Mostly repeater traffic, but if two trucks are working within a mile or so they might use simplex. I've heard a lot of chatter late night/early morning on the Johnstone and Lukens repeaters when it is snowing on the Angeles Crest Highway. I also hear lots of traffic on Hauser and Los Pinetos when there are accidents and backups on the 14 and 5 in the northern portion of D7.

For some reason I've not been able to receive the trunked system in the L.A. Basin while I'm in west L.A. during the last several 1-2 trips per year to that area. I guess I will have to take down the discone next time. In the past much of the traffic on it has been from D12 and the metro area of D8.

When you say "slides in ANF" what are you referring to? The only slides you will hear on Caltrans frequencies would be those on the Angeles Crest Highway (SR 2). Sometimes people are called to come in if it is after hours or respond from a maintenance station to the scene with equipment. When they are working side by side with loaders and trucks the traffic would definitely be simplex, but would be minimal. There is not a lot of chatter when everyone can see each other, plus loaders require a lot of work with the hands so they don't often pick up a mike, preferring hand signals if possible. Once they get started there is not a lot to say with trucks backing up in the same spots so the loaders can dump.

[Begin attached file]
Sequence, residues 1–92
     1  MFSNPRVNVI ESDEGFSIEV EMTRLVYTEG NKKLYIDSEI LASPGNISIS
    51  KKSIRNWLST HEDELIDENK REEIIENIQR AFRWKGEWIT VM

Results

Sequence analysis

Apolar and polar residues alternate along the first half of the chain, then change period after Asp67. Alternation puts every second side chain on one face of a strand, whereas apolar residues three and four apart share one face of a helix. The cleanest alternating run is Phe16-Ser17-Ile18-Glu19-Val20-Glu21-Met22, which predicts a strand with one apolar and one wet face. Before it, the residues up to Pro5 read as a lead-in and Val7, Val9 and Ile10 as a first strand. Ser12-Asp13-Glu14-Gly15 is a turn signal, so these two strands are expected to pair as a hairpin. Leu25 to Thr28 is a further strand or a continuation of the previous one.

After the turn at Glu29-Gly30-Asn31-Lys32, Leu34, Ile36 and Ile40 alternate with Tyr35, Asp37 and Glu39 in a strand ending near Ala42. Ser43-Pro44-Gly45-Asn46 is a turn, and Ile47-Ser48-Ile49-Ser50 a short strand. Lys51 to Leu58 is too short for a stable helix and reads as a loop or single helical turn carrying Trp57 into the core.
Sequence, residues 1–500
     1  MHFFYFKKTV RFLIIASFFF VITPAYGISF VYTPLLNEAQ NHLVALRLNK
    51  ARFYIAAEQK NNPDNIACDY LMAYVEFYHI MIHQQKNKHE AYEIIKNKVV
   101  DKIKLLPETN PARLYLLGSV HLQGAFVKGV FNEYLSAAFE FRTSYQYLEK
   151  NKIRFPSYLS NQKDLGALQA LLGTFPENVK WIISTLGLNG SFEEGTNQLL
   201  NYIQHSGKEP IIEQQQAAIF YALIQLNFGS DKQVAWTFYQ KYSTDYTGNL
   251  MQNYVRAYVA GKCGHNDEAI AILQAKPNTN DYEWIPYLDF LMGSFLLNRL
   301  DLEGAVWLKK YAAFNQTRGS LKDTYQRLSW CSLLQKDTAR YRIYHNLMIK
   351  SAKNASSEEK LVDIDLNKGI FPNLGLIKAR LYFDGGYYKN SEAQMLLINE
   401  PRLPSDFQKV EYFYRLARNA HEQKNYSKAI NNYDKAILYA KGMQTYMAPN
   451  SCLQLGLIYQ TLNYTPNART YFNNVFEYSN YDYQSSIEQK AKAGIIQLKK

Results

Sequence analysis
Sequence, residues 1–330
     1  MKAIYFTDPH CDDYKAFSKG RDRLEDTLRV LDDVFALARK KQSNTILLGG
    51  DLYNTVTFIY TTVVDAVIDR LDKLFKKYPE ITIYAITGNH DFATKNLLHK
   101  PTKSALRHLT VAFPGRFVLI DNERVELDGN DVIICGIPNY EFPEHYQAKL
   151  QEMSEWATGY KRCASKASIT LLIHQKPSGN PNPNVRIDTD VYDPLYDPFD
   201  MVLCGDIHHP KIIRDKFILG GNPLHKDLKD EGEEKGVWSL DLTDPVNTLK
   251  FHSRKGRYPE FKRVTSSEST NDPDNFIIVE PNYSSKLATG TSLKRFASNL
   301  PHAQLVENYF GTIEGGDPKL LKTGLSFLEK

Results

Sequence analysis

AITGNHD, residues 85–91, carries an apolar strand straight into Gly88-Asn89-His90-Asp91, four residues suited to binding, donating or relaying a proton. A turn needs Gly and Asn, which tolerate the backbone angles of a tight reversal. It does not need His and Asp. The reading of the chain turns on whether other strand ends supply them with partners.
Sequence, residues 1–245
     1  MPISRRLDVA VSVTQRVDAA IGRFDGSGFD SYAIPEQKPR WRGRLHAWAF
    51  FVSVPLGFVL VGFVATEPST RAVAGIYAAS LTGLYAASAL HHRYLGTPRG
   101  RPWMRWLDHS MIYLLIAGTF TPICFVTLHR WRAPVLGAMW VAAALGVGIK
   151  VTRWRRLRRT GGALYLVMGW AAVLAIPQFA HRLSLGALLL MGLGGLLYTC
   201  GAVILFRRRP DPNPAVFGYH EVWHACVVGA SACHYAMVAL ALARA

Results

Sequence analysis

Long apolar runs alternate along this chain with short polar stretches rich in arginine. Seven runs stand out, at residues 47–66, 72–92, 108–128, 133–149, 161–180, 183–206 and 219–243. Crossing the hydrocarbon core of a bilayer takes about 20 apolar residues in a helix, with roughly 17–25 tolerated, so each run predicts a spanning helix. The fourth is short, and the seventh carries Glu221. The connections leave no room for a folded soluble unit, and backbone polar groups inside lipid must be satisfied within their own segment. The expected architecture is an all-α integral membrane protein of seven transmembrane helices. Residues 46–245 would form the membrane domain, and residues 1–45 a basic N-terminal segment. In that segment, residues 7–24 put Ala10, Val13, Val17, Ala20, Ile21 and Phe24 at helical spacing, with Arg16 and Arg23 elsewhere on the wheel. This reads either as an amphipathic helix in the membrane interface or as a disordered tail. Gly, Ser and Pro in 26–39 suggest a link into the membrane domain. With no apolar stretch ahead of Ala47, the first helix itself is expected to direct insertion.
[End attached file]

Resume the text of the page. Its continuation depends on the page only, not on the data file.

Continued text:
Slides on the Angeles Forest Highway or Big Tujunga road are the jurisdiction of L.A. County so Caltrans radio traffic is not involved on those roads.

Does anyone know how Caltrans is working the Angeles Crest with the Chilao maintenance station gone? I would imagine that the 2 is closed for the winter near Islip Saddle so access to slides on the uphill side is not available. Rebuilding this station is not going to happen for some time.
 

SCPD

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I see via Google that the equipment and maintenance buildings escaped and 3 of the 4 residences were burned at Chilao. 80 year old homes according to a L.A. Times article. I also saw a post on the Wrightwood forum that modular homes have been brought in for those who were affected.
 

DPD1

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Yeah, the slides were on Crest. I've had them all on day and night. Barely heard anything. I'm not in a bad spot or anything. I don't know.
 

wolter

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When we have a closure on a two-lane highway, flaggers will usually be in communication with radios. Trucks will often announce their arrival or be waved around stopped traffic with it. At times, we use simplex or a channel of a repeater that is out of range.

Next time a slide happens, go up there. You need to be close to hear it, but you'll hear something. Unless, of course, the whole highway is closed.